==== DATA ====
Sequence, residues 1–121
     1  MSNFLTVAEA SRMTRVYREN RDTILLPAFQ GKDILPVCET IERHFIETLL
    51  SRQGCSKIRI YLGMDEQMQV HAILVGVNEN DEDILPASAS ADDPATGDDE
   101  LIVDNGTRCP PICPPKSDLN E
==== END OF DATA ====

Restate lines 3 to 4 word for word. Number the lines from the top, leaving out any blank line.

    51  SRQGCSKIRI YLGMDEQMQV HAILVGVNEN DEDILPASAS ADDPATGDDE
   101  LIVDNGTRCP PICPPKSDLN E